The novel psychosocial intervention, ConquerFear, improved fear of cancer recurrence (FCR) for at least 6 months compared with Taking-it-Easy relaxation therapy, results of a study published in the Journal of Clinical Oncology has shown.
Only a few studies have evaluated an effective means of intervention for fear of recurrence, even though it occurs in 50% to 70% of cancer survivors and leads to poor outcomes and increased healthcare costs.
For this study, researchers randomly assigned 222 cancer survivors to the ConquerFear or Taking-it-Easy interventions. ConquerFear is empirically developed from various models of cognitive therapy such as the Common-Sense model of illness, the Self-Regulatory Executive Function model, and Relational Frame Theory. Taking-it-Easy is based on models that promote relaxation. Patients completed questionnaires at baseline (T0) prior to randomization, at the end of treatment (T1), and at 3 months (T2) and 6 months (T3) later.
Compared with Taking-it-Easy, ConquerFear led to statistically and clinically significant improvements among study participants for total FCR Inventory scores from T0 to T1 (P <.001), and the improvements were maintained at T2 (P =.017) and T3 (P =.018). FCR Inventory severity subscale scores were also improved from T0 to T1 (P =.001), but these improvements were maintained only until T2 (P =0.23).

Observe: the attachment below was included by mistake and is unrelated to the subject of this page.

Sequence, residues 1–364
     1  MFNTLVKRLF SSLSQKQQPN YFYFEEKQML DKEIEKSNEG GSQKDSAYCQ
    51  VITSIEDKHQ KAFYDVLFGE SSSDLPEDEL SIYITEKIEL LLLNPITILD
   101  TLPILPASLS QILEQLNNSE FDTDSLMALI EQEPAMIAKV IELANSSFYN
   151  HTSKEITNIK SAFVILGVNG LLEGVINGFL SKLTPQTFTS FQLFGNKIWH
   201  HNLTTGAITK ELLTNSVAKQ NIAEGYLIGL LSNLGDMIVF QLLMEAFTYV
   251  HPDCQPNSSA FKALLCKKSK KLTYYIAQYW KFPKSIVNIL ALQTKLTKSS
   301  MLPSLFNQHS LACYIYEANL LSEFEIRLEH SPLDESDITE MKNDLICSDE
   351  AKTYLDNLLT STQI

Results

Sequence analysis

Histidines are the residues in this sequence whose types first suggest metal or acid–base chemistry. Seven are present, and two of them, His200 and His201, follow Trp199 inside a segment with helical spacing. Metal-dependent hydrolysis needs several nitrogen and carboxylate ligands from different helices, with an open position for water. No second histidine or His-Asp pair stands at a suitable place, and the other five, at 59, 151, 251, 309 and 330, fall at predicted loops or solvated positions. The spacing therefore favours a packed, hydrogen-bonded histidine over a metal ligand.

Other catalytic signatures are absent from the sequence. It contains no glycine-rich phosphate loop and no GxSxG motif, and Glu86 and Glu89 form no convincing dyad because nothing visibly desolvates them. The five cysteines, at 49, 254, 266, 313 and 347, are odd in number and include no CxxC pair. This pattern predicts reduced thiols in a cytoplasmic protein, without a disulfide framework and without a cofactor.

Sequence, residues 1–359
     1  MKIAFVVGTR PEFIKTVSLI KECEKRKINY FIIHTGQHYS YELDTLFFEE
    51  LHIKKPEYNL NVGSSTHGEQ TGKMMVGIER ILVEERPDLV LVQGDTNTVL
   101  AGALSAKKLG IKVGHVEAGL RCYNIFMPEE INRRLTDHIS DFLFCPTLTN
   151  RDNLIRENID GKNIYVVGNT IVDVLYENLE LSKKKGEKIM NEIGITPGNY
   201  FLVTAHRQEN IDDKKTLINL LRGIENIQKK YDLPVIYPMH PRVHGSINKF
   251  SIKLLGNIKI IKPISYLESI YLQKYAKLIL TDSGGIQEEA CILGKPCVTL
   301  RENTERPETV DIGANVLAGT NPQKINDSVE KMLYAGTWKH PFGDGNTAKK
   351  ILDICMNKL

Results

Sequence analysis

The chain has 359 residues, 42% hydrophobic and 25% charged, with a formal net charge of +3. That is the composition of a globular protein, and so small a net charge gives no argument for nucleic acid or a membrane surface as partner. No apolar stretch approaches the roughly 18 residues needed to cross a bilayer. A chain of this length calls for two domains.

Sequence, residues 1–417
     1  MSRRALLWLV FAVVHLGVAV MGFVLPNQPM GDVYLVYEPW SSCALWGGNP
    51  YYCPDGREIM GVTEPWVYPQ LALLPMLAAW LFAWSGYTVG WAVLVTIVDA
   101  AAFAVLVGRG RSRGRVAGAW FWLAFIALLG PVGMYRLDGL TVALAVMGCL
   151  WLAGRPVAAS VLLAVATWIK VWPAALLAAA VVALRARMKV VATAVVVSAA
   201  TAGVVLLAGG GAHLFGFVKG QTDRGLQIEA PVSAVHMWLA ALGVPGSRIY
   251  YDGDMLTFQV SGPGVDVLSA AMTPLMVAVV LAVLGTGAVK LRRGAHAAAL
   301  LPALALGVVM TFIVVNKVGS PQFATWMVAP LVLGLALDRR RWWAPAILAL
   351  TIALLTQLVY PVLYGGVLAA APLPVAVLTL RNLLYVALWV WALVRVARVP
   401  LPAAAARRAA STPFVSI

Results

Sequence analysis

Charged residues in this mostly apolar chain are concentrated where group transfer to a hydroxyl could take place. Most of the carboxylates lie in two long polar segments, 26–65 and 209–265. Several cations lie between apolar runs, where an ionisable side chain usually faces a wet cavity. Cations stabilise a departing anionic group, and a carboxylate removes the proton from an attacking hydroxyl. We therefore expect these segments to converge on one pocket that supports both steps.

Patients assigned to the ConquerFear arm also experienced significant improvements from T0 to T1 for coping, psychological distress, anxiety, cancer-specific distress, triggers, mental quality of life, and metacognition. By T3, only psychological distress and cancer-specific distress remained significantly different.
Although results of the study demonstrate that ConquerFear led to a significant and lasting improvement in fear of recurrence for patients, the authors added “[a]dditional research is needed to optimize tailoring of FCR interventions to those with different needs and FCR levels.”
Butow PN, Turner J, Gilchrist J, et al. Randomized trial of ConquerFear: a novel, theoretically based psychosocial intervention for fear of cancer recurrence [published online November 2, 2017]. J Clin Oncol. doi: 10.1200/JCO.2017.73.1257